Picture the last argument you had with a friend or partner. Did you agree to disagree? Or did you whip out your phone for an answer? If you are anything like me, you went straight to google to prove that hot water freezes faster than cold water… Okay I wasn’t able to prove it, but I was able to create some reasonable doubt (WIN). This sort of moment – a micro-moment- is the next big opportunity for traditional marketers. I of course believe an opportunity also exists in the social marketing world.
What is a micro moment?
Mobile has fractured our consumer pathway into hundreds of real-time intent-driven micro-moments. Each of these micro-moments represents critical opportunities for marketers to shape our actions and preferences.
4 Types of Intent-Driven Micro Moments
Everyone has a want-to-know – who, what, why, and how much moment. Whether it is a word you can’t think of, the name of a restaurant that is in the middle of nowhere or a song you hear and bar you are likely to turn to your mobile phone for an answer.
Which is why, it is important to make it easy for mobile users when they decide to learn more.
For instance, just the other week I passed a trailer parked on the side of the road with the title “Green Driving Headquarters”. I was intrigued and wanted to know more… but for the life of me could find nothing online (Marketing Fail).
Patience might be a virture, but it’s not one mobile users have. Mobile users are inherently impatient and have high expectations. In other words, we want instance gratification.
Search 1: It is late. I want greasy drunk food near me now.
Result 1: Taco Time #4thMeal
Search 2: Need to get to X fast
Earlier this year I flipped a house. More often than not, I took out my phone, went to YouTube, and watched how-to videos from every day folks. It was comforting to know it didn’t take a professional. But it was also nice to see what products they were using and why.
Search: How to remove a toilet
Result: How-to remove a toilet and replace it with a low-flow model.
Want-to buy moments (social marketers can replace “buy” with “act”)
Consider this. It’s Monday. You just got home from work and realized you forgot to pick up chicken for your pot pie. Do you head to the store? Alternatively, do you search for a vegetarian recipe online?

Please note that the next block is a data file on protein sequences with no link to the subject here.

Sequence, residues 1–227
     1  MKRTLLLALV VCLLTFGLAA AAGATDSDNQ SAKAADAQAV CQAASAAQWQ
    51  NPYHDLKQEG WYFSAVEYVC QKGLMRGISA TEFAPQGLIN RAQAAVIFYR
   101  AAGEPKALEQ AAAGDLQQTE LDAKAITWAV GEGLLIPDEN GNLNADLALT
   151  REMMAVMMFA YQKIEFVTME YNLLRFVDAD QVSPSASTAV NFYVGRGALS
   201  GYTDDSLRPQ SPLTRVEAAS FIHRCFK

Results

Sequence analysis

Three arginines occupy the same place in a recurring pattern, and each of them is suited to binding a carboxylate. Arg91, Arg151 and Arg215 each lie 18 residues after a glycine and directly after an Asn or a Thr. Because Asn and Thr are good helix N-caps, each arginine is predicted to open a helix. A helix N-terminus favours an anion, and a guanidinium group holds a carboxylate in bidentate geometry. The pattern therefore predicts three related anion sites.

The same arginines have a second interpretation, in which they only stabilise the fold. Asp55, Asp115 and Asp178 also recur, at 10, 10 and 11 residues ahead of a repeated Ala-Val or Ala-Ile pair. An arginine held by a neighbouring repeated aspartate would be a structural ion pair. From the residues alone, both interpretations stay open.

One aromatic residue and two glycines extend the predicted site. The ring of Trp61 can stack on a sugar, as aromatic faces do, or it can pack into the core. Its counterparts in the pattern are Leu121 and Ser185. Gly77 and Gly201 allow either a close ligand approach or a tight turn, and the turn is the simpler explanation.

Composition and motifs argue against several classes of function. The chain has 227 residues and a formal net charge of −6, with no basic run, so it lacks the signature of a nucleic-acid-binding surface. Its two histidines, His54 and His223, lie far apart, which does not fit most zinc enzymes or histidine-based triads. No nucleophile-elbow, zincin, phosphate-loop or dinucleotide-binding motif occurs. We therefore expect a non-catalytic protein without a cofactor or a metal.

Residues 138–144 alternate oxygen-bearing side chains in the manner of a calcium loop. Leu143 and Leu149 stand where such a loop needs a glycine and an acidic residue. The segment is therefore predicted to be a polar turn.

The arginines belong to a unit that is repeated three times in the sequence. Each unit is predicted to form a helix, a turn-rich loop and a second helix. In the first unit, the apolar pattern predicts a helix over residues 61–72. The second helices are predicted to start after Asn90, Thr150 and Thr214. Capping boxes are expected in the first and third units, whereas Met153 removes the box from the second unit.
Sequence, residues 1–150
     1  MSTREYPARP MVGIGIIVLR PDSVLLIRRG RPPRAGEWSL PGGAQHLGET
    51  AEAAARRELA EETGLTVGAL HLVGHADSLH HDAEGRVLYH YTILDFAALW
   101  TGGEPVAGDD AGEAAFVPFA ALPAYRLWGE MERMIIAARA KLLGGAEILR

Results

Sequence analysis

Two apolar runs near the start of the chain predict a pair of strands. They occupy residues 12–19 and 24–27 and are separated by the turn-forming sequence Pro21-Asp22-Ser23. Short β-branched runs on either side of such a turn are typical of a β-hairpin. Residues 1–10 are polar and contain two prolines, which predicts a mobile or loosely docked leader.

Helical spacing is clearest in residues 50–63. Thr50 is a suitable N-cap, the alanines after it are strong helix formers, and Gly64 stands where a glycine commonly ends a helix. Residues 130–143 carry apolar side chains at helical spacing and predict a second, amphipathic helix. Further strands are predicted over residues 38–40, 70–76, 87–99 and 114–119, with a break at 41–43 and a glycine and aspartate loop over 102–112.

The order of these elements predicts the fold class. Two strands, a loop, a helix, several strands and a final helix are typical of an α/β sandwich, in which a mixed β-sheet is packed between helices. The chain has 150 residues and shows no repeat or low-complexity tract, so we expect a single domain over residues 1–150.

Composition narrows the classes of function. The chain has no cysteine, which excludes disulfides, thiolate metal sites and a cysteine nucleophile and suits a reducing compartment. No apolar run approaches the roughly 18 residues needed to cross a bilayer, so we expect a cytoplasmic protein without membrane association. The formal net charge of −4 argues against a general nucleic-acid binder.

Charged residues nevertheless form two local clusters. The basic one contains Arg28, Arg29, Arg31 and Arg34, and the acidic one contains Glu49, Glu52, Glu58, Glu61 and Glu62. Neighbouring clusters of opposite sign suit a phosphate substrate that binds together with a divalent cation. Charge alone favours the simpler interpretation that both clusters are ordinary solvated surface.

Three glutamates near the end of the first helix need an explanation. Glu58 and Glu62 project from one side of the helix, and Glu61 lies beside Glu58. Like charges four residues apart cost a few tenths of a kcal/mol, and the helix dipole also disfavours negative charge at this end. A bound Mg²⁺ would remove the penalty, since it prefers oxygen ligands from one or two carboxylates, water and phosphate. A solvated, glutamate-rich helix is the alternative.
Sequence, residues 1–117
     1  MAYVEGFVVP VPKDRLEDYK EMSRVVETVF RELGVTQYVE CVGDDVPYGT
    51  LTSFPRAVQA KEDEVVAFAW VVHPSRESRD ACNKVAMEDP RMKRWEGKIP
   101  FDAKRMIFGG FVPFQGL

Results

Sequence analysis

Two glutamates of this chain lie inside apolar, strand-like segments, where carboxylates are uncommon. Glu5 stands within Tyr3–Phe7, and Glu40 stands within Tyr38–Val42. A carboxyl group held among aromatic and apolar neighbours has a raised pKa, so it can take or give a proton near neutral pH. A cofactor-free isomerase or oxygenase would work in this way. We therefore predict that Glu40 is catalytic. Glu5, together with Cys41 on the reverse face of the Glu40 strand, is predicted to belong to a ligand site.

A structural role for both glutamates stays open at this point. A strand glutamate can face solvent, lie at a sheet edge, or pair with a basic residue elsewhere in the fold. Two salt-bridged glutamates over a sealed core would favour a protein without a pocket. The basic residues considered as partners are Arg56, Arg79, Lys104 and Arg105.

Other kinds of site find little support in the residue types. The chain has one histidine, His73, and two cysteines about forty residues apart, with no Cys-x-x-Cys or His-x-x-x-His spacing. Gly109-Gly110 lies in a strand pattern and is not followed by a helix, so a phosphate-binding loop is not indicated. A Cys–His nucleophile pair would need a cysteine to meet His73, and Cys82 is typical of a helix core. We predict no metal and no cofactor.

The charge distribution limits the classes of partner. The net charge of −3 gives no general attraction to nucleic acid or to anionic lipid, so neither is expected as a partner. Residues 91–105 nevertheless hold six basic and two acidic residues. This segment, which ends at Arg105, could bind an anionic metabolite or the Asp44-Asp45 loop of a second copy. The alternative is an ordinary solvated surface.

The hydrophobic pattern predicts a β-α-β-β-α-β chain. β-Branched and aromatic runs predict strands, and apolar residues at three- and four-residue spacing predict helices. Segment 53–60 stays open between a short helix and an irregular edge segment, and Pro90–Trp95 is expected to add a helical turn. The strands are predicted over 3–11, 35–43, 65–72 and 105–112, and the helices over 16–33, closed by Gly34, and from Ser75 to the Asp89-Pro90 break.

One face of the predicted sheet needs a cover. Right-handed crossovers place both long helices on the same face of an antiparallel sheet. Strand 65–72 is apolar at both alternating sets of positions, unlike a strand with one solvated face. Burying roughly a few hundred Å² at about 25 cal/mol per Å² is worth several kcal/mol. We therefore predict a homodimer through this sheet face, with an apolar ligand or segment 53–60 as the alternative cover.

Remember: People try new things in routine moments.
Search: vegetarian pot pie recipe
Result: Monday’s are hard. Take a day off meat. Satisfy your craving with delicious recipes like vegetarian pot pie.
So what can you do?
What comes first, the chicken or the egg? How about picking a behaviour or picking an audience? There’s no right answer, it comes down to your lens and what you want to accomplish.
However, once you gather information on your audience and behaviour, you will know if you ought to target mobile users. If you do:
- Build a moments map.
There are moments that are ideal for your campaign. Examine all phases of your audience’s journey and map when people want to find inspiration, learn about a campaign, try something new, or anything in between.
- Consider context
Leverage contextual signals like location and time of day to deliver experiences and messages that feel tailor-made for the moment.
My hypothetical example under “want-to-buy” was linked to Meatless Monday a global movement. Because the individual was searching a meatless recipe on a Monday it made sense to connect it to the idea of Meatless Mondays. The topics go hand in hand so it does not feel like social marketing is interrupting your user experience.
- Make it simple
In each particular moment, what does your audience need to know, what tools should they have, and what specific action will you ask.
- Leave Reminders (Don’t stop believing)
To account for mobile users complex pathways leave reminders.
We all know not to drink and drive, but sometimes a perfectly placed coaster is what we need to remind our friends to make smart decisions.
- Measure your Impact (Be SMART)
You can’t manage moments you don’t measure.
I leave you with one final finding:
If you can, build your campaign with a mobile audience in mind!
Think with Google the ultimate Micro-moment source: